It is a rare moment you encounter two middle-grade fiction novels that celebrate books and reading, set in Melbourne, and published by the same indie publisher only moments apart. But, the improbable happened with the recent release of The Secret Library of Hummingbird House by Julianne Negri and The Grandest Bookshop in the World by Amelia Mellor.
The first thing to say about these books is that while they share many qualities, they are both distinct. The Secret Library of Hummingbird House is a clever time-slip story – not hardcore time-travel, as such, but rather the rubbing up of two different moments in history that allow characters to encounter things they wouldn’t ordinarily have access to. In Library, Hattie Maxwell is trying to make sense of her parent’s divorce and her new reality of two houses, two wardrobes, two sets of everything kept walking distance apart. Hummingbird house and its giant mulberry tree is her refuge: a huge, dilapidated mansion and gardens in Brunswick. The tree in this book really spoke to me: when I was a child, I used to climb the enormous trees in my garden and disappear for hours. I stored things in their branches, wrapped in plastic bags to protect them from the rain. I had a notebook and some cheap binoculars and other colourful bits, kind of like a bower. So, when I met Hattie and climbed that mulberry tree with her, admiring the crochet decorations an elusive artist had left behind, I knew exactly how she felt. The tree was safety, peace, escape, beauty. When the mansion and surrounds are earmarked for demolition Hattie is devastated. She slips from her bed at midnight to visit the house and, in the process, slips back in time, discovering a magical library and a girl who lives there. Together, and across time, Hattie and her new friend embark on a mission to save Hummingbird house.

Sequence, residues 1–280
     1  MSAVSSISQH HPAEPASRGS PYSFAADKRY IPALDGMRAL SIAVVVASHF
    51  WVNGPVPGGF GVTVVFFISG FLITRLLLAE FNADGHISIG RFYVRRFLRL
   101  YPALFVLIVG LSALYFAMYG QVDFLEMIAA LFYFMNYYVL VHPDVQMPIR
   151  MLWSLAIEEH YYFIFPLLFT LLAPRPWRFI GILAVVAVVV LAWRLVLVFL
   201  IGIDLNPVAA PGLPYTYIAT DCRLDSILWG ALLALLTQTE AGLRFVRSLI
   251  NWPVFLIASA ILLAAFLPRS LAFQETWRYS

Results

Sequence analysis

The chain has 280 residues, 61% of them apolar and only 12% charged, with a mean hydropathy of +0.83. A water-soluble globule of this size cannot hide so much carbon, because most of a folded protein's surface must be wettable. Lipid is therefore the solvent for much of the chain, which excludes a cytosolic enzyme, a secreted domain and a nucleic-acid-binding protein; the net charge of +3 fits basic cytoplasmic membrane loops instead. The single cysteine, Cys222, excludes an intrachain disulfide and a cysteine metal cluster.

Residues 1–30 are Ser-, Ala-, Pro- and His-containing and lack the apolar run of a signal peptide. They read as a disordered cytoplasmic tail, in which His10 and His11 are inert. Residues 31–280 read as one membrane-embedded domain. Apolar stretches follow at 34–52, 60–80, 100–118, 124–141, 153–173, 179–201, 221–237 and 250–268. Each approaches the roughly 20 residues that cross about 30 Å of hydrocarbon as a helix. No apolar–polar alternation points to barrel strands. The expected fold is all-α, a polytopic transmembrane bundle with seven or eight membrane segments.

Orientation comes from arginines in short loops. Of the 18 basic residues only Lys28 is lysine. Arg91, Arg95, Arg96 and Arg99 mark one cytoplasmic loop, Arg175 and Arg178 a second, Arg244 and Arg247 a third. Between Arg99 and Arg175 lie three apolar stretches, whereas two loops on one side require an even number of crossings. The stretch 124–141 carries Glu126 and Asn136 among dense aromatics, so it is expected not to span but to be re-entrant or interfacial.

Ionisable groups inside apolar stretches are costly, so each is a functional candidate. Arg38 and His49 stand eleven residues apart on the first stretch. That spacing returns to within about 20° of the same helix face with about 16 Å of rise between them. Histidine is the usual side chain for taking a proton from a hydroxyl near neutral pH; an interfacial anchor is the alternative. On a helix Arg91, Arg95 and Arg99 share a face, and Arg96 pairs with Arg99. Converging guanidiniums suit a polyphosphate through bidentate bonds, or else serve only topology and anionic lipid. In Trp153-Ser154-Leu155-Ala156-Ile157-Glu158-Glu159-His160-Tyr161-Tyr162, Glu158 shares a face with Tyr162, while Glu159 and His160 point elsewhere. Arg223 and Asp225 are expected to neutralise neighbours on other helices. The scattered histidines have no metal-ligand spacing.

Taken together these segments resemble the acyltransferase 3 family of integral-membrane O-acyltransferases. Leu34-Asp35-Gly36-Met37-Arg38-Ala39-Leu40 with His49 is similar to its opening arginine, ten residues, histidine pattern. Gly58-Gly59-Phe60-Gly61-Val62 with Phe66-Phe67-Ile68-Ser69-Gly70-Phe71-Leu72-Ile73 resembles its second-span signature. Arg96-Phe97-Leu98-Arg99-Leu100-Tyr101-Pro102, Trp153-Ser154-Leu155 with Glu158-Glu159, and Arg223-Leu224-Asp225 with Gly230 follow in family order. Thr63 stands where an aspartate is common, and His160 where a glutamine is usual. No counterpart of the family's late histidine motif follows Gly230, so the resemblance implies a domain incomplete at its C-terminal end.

The Grandest Bookshop in the World is a wonder. Set in Cole’s Book Arcade in Melbourne (which really existed in the nineteenth century! Google it), it follows siblings Pearl and Valley Cole as they fight to save the bookshop from the dark and dangerous Obscurosmith. The bookshop is their home (literally, they live in the apartment above it) and they cannot fathom moving elsewhere. The staff, the books, the talking parrot, are all part of the extended family. But Pa has unwisely gambled the bookshop for something that cannot be won, despite the Obscurosmith’s promises. Pa’s judgement is clouded by love and grief, and the bookshop is suffering for it. Pearl and Valley decide to take matters into their own hands to defeat the Obscurosmith and win back what truly matters: family, safety, the shop, and the present moment. The Grandest Bookshop has wizardry, absurdism, and magic to boot, and the reader is ushered along a pacey narrative structured by bizarre challenges, puzzles, and ordeals.
Beyond being celebrations of the magic of books, both novels revolve around activism: the importance of speaking up and standing out. They’re about fighting to save what you love, the struggle and the reward of that. They’re also about family and the messy times in life: Hummingbird House tackles divorce, and The Grandest Bookshop in the World deals with grief and loss. I highly recommend both these books for booklovers between 9 and 12.
Reviewed by Charlotte.